“Some green shoots are emerging that suggest that sequential growth will pick up from here,” Hatzius and Sven Jari Stehn wrote in a note dated Feb. 26. Still, the risk to Goldman’s global GDP forecast of 3.5 percent for 2019 “is probably still on the downside.”
Goldman’s notes on the markets are offered as follows:
- Remains positive on risk assets, although upside is now probably lower as markets have become “more sanguine on recession” expects bond yields to rise maintains a bearish dollar view, given a dovish Fed and expectation for a pickup in global growth is modestly bullish on oil over the next 2-3 months, but sees a more bearish outlook for the remainder of the year. The case for a pickup from the current pace is strongest in the U.S. as the drag from a tightening of financial conditions eases.
Goldman reckons Europe looks like the weakest major region, “with Italy in recession, Germany close to it, and most other economies growing at only about a trend pace,” according to the note. Goldman has pushed back its expectations for the first ECB hike from late-2019 to mid-2020. Goldman also sees tentative signs of a turnaround in Chinese growth.
While Goldman offers an optimistic outlook for China’s economy, it isn’t quite showing up in the data just yet. Factory activity in China contracted to a three-year low in February as export orders fell at the fastest pace since the global financial crisis
The official Purchasing Managers’ Index (PMI) fell for the third straight month, dropping to 49.2 in February from 49.5 in January, according to data released by the National Bureau of Statistics (NBS) on Thursday. The 50-mark separates growth from contraction on a monthly basis. Analysts surveyed by Reuters had forecast the gauge would stay unchanged from January’s 49.5.
Despite the slowdown in manufacturing, total new orders, an indicator of future activity, edged back into expansionary territory, suggesting some improvement in domestic demand. The sub-index rose to 50.6 from 49.6 in January, after falling for two consecutive months. However, China watchers typically advise caution over interpreting the country’s economic data early in the year because of the timing of the weeklong Lunar New Year holidays.
“Unless the trade war truly turns into an extended truce, the weakening trend may not end quickly,” Iris Pang, Greater China economist at ING, said in a note. “As such we expect March’s PMI to fall, too.”
It’s clear that the U.S./China trade feud has had negative ramifications on the global economy and it is especially felt and expressed in the weakening Chinese economic data. Further tariff escalations have been halted in favor of allocating more time to construct a deal that finds favor for both parties engaged in the yearlong dispute. With this in mind, J. P. Morgan Chase offers their best and worst case scenario regarding U.S./China trade talks and activity:
US/China scenario analysis
- Best case (15% odds) – the US and China formally unveil a full and final trade agreement by the end of Apr with credible monitoring and enforcement mechanisms along w/large purchase commitments from Beijing (~$1T over 5-6 years) and expanded market access for American companies. Not only is the threat of incremental tariffs removed but existing ones are fully rescinded immediately.
- Good case (31% odds) – the same as “best case” but while incremental tariffs are taken off the table, Trump only rescinds the most recent tranche (10% on $200B) and keeps the original tranche (25% on $50B) in place pending Chinese compliance with the deal.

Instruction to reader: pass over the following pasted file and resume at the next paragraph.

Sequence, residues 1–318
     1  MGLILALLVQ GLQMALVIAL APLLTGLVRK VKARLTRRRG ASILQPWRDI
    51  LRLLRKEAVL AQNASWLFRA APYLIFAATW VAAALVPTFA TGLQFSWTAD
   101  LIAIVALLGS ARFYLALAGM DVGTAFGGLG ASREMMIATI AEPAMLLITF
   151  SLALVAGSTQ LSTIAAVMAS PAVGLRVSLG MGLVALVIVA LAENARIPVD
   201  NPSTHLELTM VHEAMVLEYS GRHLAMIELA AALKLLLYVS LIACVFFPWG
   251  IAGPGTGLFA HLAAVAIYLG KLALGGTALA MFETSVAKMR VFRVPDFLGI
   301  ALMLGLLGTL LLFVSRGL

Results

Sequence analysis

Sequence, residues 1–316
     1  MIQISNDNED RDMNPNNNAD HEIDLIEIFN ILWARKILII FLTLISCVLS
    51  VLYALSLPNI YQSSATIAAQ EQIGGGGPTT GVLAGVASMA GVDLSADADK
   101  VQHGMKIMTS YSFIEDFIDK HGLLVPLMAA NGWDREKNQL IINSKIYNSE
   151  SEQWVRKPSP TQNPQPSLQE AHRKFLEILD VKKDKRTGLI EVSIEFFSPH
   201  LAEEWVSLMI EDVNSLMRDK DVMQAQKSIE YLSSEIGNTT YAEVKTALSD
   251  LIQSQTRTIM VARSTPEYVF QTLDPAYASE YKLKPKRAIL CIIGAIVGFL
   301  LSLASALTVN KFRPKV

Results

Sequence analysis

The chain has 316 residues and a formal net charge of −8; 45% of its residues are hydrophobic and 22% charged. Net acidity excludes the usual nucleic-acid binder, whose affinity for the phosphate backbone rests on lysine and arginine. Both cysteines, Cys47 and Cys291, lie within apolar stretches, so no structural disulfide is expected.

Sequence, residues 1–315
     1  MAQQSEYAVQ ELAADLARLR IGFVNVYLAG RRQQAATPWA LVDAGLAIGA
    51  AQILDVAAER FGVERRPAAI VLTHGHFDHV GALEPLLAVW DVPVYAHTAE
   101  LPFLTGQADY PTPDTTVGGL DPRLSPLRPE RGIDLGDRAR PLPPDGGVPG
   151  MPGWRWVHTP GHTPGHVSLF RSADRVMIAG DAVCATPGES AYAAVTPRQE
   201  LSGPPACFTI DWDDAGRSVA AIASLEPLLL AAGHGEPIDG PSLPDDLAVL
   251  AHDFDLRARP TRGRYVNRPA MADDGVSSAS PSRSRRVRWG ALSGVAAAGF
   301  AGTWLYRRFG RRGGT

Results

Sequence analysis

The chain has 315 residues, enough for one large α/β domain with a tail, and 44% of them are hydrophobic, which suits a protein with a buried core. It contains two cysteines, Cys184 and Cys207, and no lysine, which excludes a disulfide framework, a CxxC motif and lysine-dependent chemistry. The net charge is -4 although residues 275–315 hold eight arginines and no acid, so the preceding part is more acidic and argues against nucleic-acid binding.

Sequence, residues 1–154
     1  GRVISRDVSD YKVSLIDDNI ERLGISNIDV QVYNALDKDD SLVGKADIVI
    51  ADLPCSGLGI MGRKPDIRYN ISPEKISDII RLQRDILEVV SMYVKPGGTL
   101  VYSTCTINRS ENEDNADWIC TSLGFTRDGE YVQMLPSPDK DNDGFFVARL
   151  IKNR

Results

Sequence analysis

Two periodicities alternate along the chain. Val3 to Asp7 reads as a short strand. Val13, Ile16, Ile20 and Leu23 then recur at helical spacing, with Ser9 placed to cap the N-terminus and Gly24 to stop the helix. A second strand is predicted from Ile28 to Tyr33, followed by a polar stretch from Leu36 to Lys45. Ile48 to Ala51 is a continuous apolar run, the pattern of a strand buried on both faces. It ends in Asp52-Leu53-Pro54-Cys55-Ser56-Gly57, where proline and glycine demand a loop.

- Base case (29% odds) – the same as “best case” but all existing tariffs stay in place (10% on $200B and 25% on $50B) w/the US promising to remove them gradually over the course of ~6 months pending Chinese compliance with the deal.
- Subpar case (10%) – the two sides extend the Mar 1 deadline for an additional 6 months and leave all existing tariffs in place while additional talks occur.
- Bad case (10% odds) – the US and China prove incapable of reaching a trade agreement by the end of Apr and Trump moves forward with tariffs on the incremental ~$250B worth of Chinese imports but at the 10% rate (instead of 25%) or he raises the current 10% rate to 25% (but only on the existing $200B worth of imports, not the incremental $250B).
- Worst case (5% odds) – the US/China negotiations collapse in acrimony and Trump moves forward with tariffs on all Chinese imports (i.e. the second $250B tranche) at the full 25% rate (vs. 10%/$200B and 25%/$50B).
At the risk of becoming long-winded with today’s Daily Market Dispatch, we urge investors and traders to weigh their risk at present market levels. We’ve come a long ways off the bottom and without certainty on earnings growth, this early in the fiscal year; the market may need a breather. This may be the time to construct your list of stocks to buy should valuations pull back to one degree or another.
There still remain certain factors that demand resolution for improved global growth. A U.S./China trade resolution would go a long ways toward improving global economic sentiment and possibly lend itself to realize an uptick in global economic activity. And we shouldn’t forget the ongoing Brexit saga remains lingering. If those issues weren’t enough cause for concern, there’s probably a more domestic political reason investors are buying S&P 500 put options of late, the debt ceiling.
The U.S. will need to raise the debt ceiling sometime after the current suspension expires in March, and the ongoing conflict in the nation’s capital raises the possibility that the process may not go smoothly. Failure to raise the debt ceiling in a timely and orderly fashion could have lasting negative effects, including a loss of market confidence in U.S. debt. Democrats, who hold majority in Congress, are already looking at the Gephardt Rule. But that’s something for Wayne Nelson and Seth Golden to discuss in today’s State of the Market video.
Equity futures are slightly lower across the board in the 7:00 a.m. EST hour and after modest declines in the Asian markets overnight. European markets are also expressing modest losses ahead of key U.S. economic data.
And with all that, we’ll leave you with our daily, Technical Market Recap from Wayne Nelson